Insects on the Radar

Author:  Comments Off on Insects on the Radar
Black cutworm and cut cotton plant

This article is a reminder about some critters we need to watch for in the coming few weeks. It’s easy to let something slip through the cracks when you are distracted with planting operations. Try to circle back to emerging fields as best you’re able during the first 2-3 weeks after planting to check on plant stands and other issues.

Wheat – True armyworm is the insect most likely to cause issues at this time of year. Even so, it doesn’t commonly require treatment. However, excessive defoliation before the dough stage can reduce yields, and this pest is easily controlled with pyrethroid insecticides. The treatment threshold is 6-8 larvae per square foot while wheat is still in the milk stage. You can read more about true armyworms at

  • You might see true armyworms in other crops, especially along grassy edges and also if you had a green cover crop that contained wheat, barley, oats or cereal rye. Larvae will move from feeding on the cover crop to the emerging cash crop, and if the timing works our poorly, it can cause problems.

Soybean – The biggest call I get this time of year is defoliation cause by bean leaf beetles. They often congregate on the first emerging soybean fields in the area. This seldom cause economic injury, but the defoliation can catch your eye. Don’t be fooled by color. The adult beetles has several color variations, including spotted and unspotted versions. You can see pictures of the beetles and their feeding damage at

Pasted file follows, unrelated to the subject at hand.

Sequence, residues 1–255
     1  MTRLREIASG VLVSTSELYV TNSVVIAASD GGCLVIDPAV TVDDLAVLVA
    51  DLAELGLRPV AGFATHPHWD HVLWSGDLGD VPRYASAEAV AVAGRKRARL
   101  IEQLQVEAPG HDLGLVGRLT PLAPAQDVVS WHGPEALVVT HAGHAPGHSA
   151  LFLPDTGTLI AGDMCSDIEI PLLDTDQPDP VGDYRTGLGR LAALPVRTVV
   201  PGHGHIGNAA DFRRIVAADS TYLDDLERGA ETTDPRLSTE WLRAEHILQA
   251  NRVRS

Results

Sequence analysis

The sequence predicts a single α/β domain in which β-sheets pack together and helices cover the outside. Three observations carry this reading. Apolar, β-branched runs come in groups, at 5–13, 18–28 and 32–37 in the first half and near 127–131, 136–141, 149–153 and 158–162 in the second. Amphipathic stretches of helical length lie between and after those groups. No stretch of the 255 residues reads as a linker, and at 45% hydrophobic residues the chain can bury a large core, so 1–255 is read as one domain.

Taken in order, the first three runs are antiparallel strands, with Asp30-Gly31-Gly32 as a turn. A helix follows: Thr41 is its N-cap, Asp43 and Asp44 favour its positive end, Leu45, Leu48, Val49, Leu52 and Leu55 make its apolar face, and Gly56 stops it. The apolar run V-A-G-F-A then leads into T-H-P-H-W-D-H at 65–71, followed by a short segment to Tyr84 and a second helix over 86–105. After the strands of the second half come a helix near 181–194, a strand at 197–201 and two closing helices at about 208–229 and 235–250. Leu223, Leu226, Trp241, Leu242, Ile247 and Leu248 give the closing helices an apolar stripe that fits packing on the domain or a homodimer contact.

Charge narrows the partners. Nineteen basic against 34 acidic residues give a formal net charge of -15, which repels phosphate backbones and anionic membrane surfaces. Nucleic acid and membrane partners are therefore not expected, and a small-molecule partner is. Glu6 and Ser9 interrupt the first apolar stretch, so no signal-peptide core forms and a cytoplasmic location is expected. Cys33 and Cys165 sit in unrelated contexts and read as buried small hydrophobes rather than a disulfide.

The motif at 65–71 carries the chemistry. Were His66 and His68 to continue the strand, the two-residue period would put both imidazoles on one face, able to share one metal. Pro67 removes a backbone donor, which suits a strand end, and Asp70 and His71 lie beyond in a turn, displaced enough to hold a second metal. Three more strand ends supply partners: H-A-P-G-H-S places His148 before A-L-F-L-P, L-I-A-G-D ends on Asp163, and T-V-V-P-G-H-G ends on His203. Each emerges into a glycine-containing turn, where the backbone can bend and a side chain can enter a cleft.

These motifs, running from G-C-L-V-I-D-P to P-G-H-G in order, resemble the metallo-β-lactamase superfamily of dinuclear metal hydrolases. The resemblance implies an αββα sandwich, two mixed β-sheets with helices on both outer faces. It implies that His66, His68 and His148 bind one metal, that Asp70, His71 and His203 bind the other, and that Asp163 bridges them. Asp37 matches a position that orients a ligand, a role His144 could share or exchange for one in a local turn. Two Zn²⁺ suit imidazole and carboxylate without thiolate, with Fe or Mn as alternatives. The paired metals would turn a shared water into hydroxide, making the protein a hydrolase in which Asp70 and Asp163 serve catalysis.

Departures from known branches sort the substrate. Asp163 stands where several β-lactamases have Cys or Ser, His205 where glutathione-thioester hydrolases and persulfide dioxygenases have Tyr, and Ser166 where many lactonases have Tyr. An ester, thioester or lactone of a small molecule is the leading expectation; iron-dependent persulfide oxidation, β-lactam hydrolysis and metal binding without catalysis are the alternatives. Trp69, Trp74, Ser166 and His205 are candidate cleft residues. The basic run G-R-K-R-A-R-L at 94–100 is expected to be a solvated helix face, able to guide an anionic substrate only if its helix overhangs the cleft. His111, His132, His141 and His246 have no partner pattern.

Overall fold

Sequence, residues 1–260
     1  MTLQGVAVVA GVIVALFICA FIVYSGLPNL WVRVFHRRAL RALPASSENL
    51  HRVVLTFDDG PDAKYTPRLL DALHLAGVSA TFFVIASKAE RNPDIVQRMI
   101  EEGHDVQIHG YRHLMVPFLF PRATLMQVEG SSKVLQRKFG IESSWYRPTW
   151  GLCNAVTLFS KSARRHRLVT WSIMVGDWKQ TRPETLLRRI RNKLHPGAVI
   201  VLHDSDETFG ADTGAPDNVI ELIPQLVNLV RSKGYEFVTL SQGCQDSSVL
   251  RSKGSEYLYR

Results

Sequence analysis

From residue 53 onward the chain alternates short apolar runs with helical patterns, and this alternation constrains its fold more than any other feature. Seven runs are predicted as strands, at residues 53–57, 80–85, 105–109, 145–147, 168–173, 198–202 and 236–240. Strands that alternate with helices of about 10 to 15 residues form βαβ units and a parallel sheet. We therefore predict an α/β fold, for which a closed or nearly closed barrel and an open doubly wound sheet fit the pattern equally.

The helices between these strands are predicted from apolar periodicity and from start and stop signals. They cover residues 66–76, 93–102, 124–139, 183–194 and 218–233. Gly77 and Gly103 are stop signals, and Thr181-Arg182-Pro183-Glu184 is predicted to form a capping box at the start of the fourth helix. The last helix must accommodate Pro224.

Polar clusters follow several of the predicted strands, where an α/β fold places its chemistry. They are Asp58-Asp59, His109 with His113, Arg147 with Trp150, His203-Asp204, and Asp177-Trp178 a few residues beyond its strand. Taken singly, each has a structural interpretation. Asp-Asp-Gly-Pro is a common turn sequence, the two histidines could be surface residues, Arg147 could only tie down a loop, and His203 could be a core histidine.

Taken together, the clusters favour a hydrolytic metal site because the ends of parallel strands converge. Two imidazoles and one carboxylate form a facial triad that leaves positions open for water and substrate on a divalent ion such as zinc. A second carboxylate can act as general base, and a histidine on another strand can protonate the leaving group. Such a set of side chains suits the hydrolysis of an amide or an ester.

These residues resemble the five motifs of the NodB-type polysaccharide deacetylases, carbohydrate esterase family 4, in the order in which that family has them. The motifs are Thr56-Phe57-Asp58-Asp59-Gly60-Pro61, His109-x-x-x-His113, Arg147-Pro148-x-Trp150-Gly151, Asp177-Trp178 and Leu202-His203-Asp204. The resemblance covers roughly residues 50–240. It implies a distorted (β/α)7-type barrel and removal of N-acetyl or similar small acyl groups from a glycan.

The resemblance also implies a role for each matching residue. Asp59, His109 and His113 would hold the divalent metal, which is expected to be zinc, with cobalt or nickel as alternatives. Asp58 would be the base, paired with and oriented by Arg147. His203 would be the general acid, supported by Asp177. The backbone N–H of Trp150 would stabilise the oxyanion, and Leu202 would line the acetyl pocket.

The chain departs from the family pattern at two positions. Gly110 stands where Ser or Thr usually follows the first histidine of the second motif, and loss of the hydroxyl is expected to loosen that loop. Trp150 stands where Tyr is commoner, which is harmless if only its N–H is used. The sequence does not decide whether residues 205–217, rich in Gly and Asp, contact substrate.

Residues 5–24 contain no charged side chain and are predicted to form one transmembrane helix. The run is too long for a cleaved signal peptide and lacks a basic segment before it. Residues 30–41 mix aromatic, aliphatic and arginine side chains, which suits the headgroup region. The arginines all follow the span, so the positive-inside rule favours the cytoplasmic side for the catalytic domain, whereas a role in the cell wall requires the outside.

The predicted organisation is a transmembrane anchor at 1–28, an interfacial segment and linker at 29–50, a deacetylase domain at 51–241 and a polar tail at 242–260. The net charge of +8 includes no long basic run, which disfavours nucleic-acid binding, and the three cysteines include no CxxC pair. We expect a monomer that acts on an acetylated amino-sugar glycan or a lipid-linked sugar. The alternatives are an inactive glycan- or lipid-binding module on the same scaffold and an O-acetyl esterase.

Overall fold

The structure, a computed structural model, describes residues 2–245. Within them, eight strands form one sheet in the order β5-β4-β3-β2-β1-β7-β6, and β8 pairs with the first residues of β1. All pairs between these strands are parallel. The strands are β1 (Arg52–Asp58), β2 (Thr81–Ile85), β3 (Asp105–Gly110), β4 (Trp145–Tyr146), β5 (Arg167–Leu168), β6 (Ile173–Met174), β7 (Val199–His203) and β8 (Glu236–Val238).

• Slugs may cause similar defoliation, so if you are not seeing bean leaf beetles, dig around under the residue to see if slugs are the culprit. Don’t get excited by slugs if all you are seeing is some defoliation. But they can cause stand loss by feeding on seeds and stems. Make sure that seed furrow closed behind the planter or you’ll make a slug highway.

Corn – A primary concern here is scouting for stand establishment and checking for insect injury, most of which occurs underground and you can’t really do anything about it after planting. Cutworms are the exception. Be sure to scout for cut plants and make treatments as needed. Additional information about treatment thresholds and insecticide recommendations can be found at

Cotton – I wrote an article last week (linked below) related to the thrips infestations predictor model.  Keep updated on the model predictions for your area as we start planting. Current prediction for West TN indicate moderate risks of thrips injury for planting dates before mid-May, but that can change depending on weather events and your location. This tool can help you prioritize if and when you need to make a foliar insecticide application to control thrips.

Print Friendly, PDF & Email